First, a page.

It’s hard to remember the value a dedicated magazine could bring to a fandom in a time before the internet. Unless you had a local group of friends who were into it with you, there was no outlet to broadcast your love for the show, no instantly accessible community. For twenty-three issues between 1992 and 1994, there was the Red Dwarf Smegazine ran interviews, articles, and discussion on Red Dwarf that kept its fanbase vitalized at a time when the show was performing at its peak. One of the most important features, however, present from the first issue to the last, were the comics.
There was no single author, artist, or even visual style consistent to the comics of the Smegazine. The publication gave creators freedom to explore aspects of the show the televised version never would. Stories take place in various series and focus on characters beyond the main five. The earliest comics were simple retellings of episodes. Both The End and Future Echoes were given the comic treatment, and while neither of these are my favourite comics the Smegazine produced, they established many of the aspects which would remain consistent enough for these anthology-esque comics to be identifiable as belonging together, such as the depiction of holograms as black and white. This was requested by Rob Grant and Doug Naylor, who always wanted to employ the prohibitively-expensive technique on the show.
It may not be Doctor Who or Star Trek, but comics provided a medium that matched Red Dwarf perfectly in terms of content. Facial expressions, body language, and background details like Rimmer’s soldiers from Marooned hidden in an adaptation of The End were a cheeky game between artist and fan, and the ability to take things to the extremes artistically made for an original take on the classic comedy. While retrospectively cheap looking in its publication and using only a few colours that come off as bold and brash, the style of the Smegazine comic still surpasses what you’d expect from a fan zine. There’s substantially more interesting visual storytelling going on than in a multi camera tv show, and the writing, coming from some of the most dedicated sci-fi fans out there, definitely held itself up to par.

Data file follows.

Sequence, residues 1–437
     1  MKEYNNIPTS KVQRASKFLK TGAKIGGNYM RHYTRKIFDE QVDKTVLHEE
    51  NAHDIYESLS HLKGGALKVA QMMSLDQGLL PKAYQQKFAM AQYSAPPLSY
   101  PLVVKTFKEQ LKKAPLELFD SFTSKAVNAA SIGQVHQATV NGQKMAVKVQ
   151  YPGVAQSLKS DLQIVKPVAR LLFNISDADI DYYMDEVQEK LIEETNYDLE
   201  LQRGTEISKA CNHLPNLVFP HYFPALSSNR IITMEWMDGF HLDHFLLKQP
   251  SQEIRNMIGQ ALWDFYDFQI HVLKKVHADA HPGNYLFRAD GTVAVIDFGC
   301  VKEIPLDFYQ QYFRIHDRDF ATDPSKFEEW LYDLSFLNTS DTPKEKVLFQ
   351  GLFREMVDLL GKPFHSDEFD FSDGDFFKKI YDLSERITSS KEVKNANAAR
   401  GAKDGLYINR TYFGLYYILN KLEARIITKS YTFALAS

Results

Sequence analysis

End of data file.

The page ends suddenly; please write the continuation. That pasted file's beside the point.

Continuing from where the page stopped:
Due to their nature, no two comics are stylistically the same. As such, it’s impossible to describe the Smegazine comics as a whole. The majority of the Red Dwarf Smegazine comics were written either by Steve Lyons, Chris Howarth, or Ann Wright, though a plethora of other writers contributed as well. They’re a densely packed treasuretrove of further entertainment for the desperate fan that are now freely available online. While it looks like there will be new Red Dwarf in the near future, it never hurts to be prepared. Here are a few of my personal favourite original stories or series.
Written by Howarth/Lyons, Art by John Royle, Letters by Elitta Fell
Mutinous Pursuits is the first original comic story featured in Smegazine. It picks up in Series IV with Kryten and Girl Holly as the gang is playing Trivial Pursuit. While it unfortunately repeats a few of the jokes from earlier seasons, it treats those jokes more as a set up to a later punchline than anything else. Rimmer’s feud with the skutters is used to great effect, and in the end it turns out everything was a distraction so Holly could rig the game so that she can use her total knowledge from “The Junior Encyclopedia of Space” and “Football: It’s a Funny Old Game” books to win.
While Mutinous Pursuits doesn’t feel like quite enough material to warrant an entire episode, it does have that perfect tone for a light dose of comedy to break up the pages between interviews and news on the upcoming Red Dwarf USA. Not the best work the Smegazine would ever produce, but notable for being the first time Kryten was featured in the comic. His appearance is fairly easy for Royle to replicate in comic form, the hard angles of his head making an easy transition from screen to page.
Created by Kylie Gwenlyn
Kylie Gwenlyn’s Androids is a bit of an anomaly here. Rather than a one-off or multi-part comic like many of the others, it was a recurring strip styled as a simply laid out panel comic that presents itself as the soap opera from the episode Kryten.
Like a newspaper strip to suit the soap opera format. These comics can get incredibly surreal and at times more superficially adult than I was expecting. I’d compare the Androids character design to the Metal Men from DC, with an absolute abundance of extreme angles and overextended limbs. It’s content, however, likely belongs somewhere like Mad Magazine. Sex, violence, betrayal, longing, and every other emotion you can imagine are here in short, frantic bursts. It’s a regular feature, but by its very nature, really never goes anywhere. Still, you can see why Kryten called it his favourite show.